PrEP and PEP
WHAT IS PRE-EXPOSURE PROPHYLAXIS (PrEP)?
“PrEP” stands for Pre-Exposure Prophylaxis. PrEP is a way for people who don’t have HIV to prevent HIV infection by taking a pill every day. If you take PrEP and are exposed to HIV, these medicines can work to keep the virus from taking hold in your body.
CAN ANYONE USE PrEP?
PrEP is considered for people who are HIV-negative and at risk for HIV infection.
People who use PrEP must be able to take the drug every day and to return to their health care provider every 3 months for a repeat HIV test, prescription refills, and follow-up.
Also, PrEP is for people who are at ongoing risk of HIV infection. For people who need to prevent HIV after a single high-risk event of potential HIV exposure—such as sex without a condom, needle-sharing injection drug use, or sexual assault—there is another option called post-exposure prophylaxis, or PEP. PEP must begin within 72 hours of exposure. (See below more information).
IS PrEP SAFE?
Some people in clinical studies of PrEP had early side effects such as an upset stomach or loss of appetite, but these were mild and usually went away within the first month. Some people also had a mild headache. No serious side effects were observed. You should tell your healthcare provider if these or other symptoms become severe or do not go away.
WHO PAYS FOR PrEP?
Most insurances cover PrEP. Those who do not have insurance coverage may qualify for assistance. There are also assistance programs for those who have high insurance copays.
CAN I PREVENT HIV AFTER I’VE BEEN EXPOSED?
Yes. Post-exposure prophylaxis (PEP) involves taking anti-HIV medications as soon as possible (within 3 days) after you may have been exposed to HIV to try to reduce the chance of becoming HIV positive. PEP is a month-long course of emergency medication taken to try to keep HIV from making copies of itself and spreading through your body.
PEP must begin within 72 hours of exposure, before the virus has time to make too many copies of itself in your body. PEP consists of 2-3 antiretroviral medications and must be taken for 28 days. Your doctor will determine what treatment is right for you based on how you were exposed to HIV. You will be asked to return for follow-up appointments and additional HIV testing.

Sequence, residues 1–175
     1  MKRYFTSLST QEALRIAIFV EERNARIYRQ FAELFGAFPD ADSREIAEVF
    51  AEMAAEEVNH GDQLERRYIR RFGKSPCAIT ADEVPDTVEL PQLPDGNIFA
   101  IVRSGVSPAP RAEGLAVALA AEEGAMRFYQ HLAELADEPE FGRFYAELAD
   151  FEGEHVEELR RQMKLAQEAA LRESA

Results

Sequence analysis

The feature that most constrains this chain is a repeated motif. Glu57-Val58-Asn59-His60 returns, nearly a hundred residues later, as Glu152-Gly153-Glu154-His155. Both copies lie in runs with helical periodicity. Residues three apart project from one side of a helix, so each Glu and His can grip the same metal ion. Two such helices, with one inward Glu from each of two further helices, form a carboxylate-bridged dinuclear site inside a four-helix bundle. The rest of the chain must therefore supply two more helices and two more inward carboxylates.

PEP is safe but may cause side effects like nausea in some people. These side effects can be treated and are not life threatening. PEP is not 100% effective; it does not guarantee that someone exposed to HIV will not become infected with HIV.
You should be evaluated for PEP at an in-person appointment with a health care provider. If you believe you have been exposed to HIV, you can call the office during business hours for assistance getting a timely appointment. If you need PEP during a time when the office is closed, you should go to the nearest urgent care clinic or emergency room.
WHO NEEDS PEP?
PEP is used by anyone who may have been exposed to HIV during a single high-risk event such as an episode of unprotected sex, needle-sharing injection drug use, or sexual assault.
Keep in mind that PEP should only be used in uncommon situations right after a potential HIV exposure. PEP is not intended for long-term use. It is not a substitute for regular use of other proven HIV prevention methods, such as pre-exposure prophylaxis (PrEP), correct and consistent condom use or use of sterile injection equipment.
Because PEP is not 100% effective, you should continue to use condoms with sex partners while taking PEP and should not share injection equipment with others. This will help avoid spreading the virus to others if you become infected. If you have repeated exposures to HIV, you should consider PrEP. See our PrEP page.
WHO PAYS FOR PEP?
Most insurances cover PEP. Those who do not have insurance coverage may qualify for assistance.
SOURCE: MAZZONI CENTER